Miss Collins comments come after Germany’s interior and justice ministers worked together in the wake of the Berlin terror attack to strengthen security rules on those migrants who could harm Germans or who have “been deceptive about their identities.”

Speaking from Brussels, Ms Collins said, “Only in the wake of yet another terror attack have some members of Angela Merkel’s coalition government woken up to the threat posed by a minority of the migrants who rushed to Germany after the Chancellor threw the doors wide open.”

“But while I welcome German efforts to tighten rules on migrants already in the country, these moves are next to useless in combating further attacks while the Schengen Agreement remains in place.

“Any policy which allows undocumented people to travel coast to coast in Europe unchecked poses a direct risk to the UK’s security and must be revoked.

Until Schengen is revoked, anyone arriving on the southern coast of Europe can travel to within sight of the UK before facing any form of security check.

“This is simply ridiculous and the EU must act to revoke this ridiculous policy, especially in the current security climate.”

The army is not the enemy Mr Corbyn


Bill Etheridge, UKIP Defence spokesman, has slated claims by a spokesman for Jeremy Corbyn that British troops in Eastern Europe are escalating tensions between NATO and Russia.

Nia Griffith, the Labour Shadow Defence secretary, said she was not considering her position over the issue but that support for Nato was a “red line” but suggested that Mr Corbyn would not back a military response from NATO if Russia invaded Estonia – despite hundreds of UK troops due to be stationed there.

Mr Etheridge, said “Once again we have the official opposition in complete and utter disarray. Accusing the army of destabilising the international situation is stabbing brave soldiers in the back. Men and women who cannot speak out in their own defence.

“The left arm does not know what the even further left arm is doing.

“Unity in NATO has kept the peace for the best part of seventy years and now is not the right time to be talking about breaking a deal. It’s obvious that Corbyn doesn’t understand its fundamental purpose, mutual defence.

“UKIP’s position on this issue is very clear. We are completely supportive of NATO and if anything should be increasing our support of it rather than double-crossing our allies.”

Free trade doesn’t require common rules

One of the big misnomers in Brexit coverage is that free trade requires uniform rules. It doesn’t. The trade deals we now make should be based on mutual standards recognition, not regulatory union – as industry is starting to agree.

Reading the Brexit recommendations published this week by finance lobby group The City UK yesterday, I was struck that they omitted any demand for continued passporting arrangements for banks. Instead, they call for “the mutual recognition of regulatory regimes”.

That’s an approach we should adopt more widely.

Trade isn’t free if it depends on reams of new regulation that makes every transaction subject to official permission.

Successful free trade deals are instead based on mutual standards recognition: each party allows the sale of goods and services produces produced according to the other’s standards.

Many of the economies we want to trade with – from the US, to the EU, to Japan – are highly developed. Their regulatory regimes are similar to ours. So we can trust each other’s rules when we buy each other’s goods. We don’t need to have the same rules to be able to trade.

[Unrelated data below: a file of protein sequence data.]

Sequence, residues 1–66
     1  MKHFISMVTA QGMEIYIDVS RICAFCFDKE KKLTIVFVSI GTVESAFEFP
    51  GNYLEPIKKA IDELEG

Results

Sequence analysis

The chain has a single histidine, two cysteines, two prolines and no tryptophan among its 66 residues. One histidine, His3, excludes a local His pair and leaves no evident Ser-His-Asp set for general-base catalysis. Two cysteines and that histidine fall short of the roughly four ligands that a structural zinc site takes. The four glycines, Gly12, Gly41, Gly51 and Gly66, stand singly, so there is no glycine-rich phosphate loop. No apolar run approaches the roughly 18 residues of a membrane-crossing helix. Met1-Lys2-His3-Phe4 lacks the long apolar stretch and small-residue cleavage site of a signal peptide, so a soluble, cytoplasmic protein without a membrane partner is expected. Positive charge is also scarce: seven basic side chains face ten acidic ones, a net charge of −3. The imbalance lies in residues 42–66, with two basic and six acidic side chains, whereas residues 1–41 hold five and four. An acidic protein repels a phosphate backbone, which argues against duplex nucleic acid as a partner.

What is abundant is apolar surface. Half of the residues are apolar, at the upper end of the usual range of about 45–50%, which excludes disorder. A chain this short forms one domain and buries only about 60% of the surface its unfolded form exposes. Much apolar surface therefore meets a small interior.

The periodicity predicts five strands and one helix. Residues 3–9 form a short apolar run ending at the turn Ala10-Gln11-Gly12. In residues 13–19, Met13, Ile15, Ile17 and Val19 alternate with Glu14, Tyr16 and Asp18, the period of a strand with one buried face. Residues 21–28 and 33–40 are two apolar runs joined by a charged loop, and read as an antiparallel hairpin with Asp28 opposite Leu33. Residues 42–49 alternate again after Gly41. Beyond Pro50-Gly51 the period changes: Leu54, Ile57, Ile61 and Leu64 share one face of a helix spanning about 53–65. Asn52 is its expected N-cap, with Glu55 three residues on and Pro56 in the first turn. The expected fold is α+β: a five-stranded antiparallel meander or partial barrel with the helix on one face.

Even the EU is capable of trading based on regulatory equivalence – as its new MiFID II rules testify. So that’s how our future trade with the EU should work too. On that basis, we can have single market access without single market membership – as Leavers said all along.

But there’s a broader point here, which is that trade isn’t orchestrated by fiat. The mandarins who make a living from overcomplicated, permissions-based commerce want us to believe that they are an essential part of international trade. But they’re not.

To beat oligarchy, we need to get these parasites out of the way.

Davos elites still don’t get that they’re the problem

“Anti-establishment sentiment” may reflect “a threat to the democratic process itself”, according to the World Economic Forum. Does it ever occur to this Davos elite that they might be the problem?

This year’s Global Risks Report, which the World Economic Forum published yesterday, ostensibly identifies pitfalls for the global economy. But much of it just seems to highlight threats to the rule of people like them.

The report complains that “when moderates point to public debt and overstretched monetary policy as constraining room for manoeuvre, they can be portrayed as patronising.” Would these be the moderates who presided over the financial crisis – and bailed out banks with taxpayers’ money?

It laments that “historically, relatively small numbers of media outlets provided a widely trusted common foundation for national debates”, but now “the media landscape is characterised by fragmentation, antagonism and mistrust”. Apparently, we should miss the days of media cartels.

It proposes that governments tackle the “cultural challenges associated with immigration” just by “getting better at communicating change” – as if the only problem is that establishment politicians haven’t propagandised enough.

Solutions to the world’s political and economic problems aren’t going to come from the crony clique that created them – and has most to gain from perpetuating the status quo.

But equally the answer is not just to overthrow this governing elite, and replace it with another. We need a system that prevents oligarchy from emerging in the first place. What would it look like? That’s what my new book aims to set out.